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What would flourishing look like in Conway's Game of Life?

by sudhanshu_kasewa1 min read12th May 202020 comments

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I'm thinking of designing a reinforcement learning environment based on Conway's Game of Life (GoL). In it, at every timestep, an agent can change the state of some cells.

As is the case with most interesting RL problems, agent behaviour would be determined by the reward function.

In this scenario, I see some issues with simple reward functions:

1) Total life:

Something like this glider gun would represent a technically correct unbounded score, with a stream of lonely travellers in an interstaller abyss. Say we want to stick to a finite memory.


2) Highest density:

This is generation 50 of the Max spacefiller. The agent might find some way of maintaining the striped pattern from the middle. Uninspiring, to say the least; like
***spoiler alert*** being batteries in The Matrix.

Other reward functions might consider variation over time.


3) Some function with a penalty for static life:

Consider Karel's p177:

This oscillator has a period of 177 time steps. There's another one with p312, but I couldn't find a good-enough gif of it. Such patterns would likely game this reward specification too.

I've thought of a few other simple functions, which all look flawed in some obvious ways.

That's not to say there is some ungameable reward function. But I wonder, if each cell symbolically represented some small unit of sentience (say a single person, or a family, or a planet) what would flourishing look like?

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5 Answers

Just wanted to say this question pinged my "huh, this is a neat question" detector. (I consider myself pretty confused about the broader topic so don't have good answers, but found your question neat because it tackled a problem at a level that where it still personally feels meaty to me)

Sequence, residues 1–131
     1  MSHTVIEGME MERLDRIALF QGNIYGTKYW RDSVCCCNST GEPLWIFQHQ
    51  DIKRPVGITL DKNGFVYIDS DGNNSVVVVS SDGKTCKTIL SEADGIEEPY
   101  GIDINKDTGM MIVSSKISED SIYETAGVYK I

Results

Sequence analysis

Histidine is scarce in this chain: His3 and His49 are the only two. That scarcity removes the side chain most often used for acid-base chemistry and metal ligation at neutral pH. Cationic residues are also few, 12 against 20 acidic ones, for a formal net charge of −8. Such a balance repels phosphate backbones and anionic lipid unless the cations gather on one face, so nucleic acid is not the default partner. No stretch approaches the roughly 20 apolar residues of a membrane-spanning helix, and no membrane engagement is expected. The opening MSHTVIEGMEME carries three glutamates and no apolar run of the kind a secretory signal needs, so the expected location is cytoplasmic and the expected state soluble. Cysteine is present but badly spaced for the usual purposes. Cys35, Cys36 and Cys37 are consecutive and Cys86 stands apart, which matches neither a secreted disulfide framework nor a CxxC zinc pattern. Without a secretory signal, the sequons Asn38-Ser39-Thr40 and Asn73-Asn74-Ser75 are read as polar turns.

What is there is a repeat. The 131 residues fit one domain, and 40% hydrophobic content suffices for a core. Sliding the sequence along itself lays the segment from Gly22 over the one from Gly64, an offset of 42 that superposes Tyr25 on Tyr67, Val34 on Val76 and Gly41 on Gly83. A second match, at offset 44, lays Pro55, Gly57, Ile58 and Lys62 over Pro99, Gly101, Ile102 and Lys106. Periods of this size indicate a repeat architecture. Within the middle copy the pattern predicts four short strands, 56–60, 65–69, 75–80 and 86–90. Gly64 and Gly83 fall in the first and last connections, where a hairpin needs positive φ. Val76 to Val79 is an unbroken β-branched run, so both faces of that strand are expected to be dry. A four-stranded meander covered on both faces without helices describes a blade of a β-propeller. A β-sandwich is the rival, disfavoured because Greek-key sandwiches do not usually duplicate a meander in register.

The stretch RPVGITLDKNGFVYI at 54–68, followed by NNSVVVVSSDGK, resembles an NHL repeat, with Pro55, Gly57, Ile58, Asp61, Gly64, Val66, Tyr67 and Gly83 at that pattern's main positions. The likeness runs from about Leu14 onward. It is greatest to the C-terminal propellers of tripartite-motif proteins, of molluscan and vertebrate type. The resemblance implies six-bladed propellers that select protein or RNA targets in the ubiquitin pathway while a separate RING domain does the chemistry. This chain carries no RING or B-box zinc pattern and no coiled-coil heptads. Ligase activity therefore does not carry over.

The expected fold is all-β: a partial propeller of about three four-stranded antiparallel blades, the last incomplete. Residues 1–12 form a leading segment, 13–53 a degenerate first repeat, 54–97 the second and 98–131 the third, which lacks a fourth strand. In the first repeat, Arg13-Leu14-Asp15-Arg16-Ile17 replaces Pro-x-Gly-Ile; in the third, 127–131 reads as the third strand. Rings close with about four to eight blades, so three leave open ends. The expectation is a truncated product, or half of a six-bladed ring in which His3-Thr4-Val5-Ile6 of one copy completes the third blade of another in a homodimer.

Doublechecking my understanding of your "implied question" – it sounds like what you want is a reward function that is simple, but somehow analogous to the complexity of human value? And it sounds like maybe the underspecified bit is "you, as a human, have some vague notion that some sorts of value-generation are 'cheating'", and your true goal is "the most interesting outcome that doesn't feel like Somehow Cheating to me?"

Some thoughts I have at the moment:

  • I think the actual direct comparison between Game of Life and Real Life is "one cell == an atom" (or some small physical particular", rather than one cell representing a bit of sentience, or even a single biological cell). I'd expect truly analogous "value" in Game of Life to look less like 'stuff happening' and more like "Particular types of patterns are more common, without being too repetitive." (i.e. in real life, I don't optimize "atoms moving around", I optimize for something more like "larger patterns of atoms doing particular things")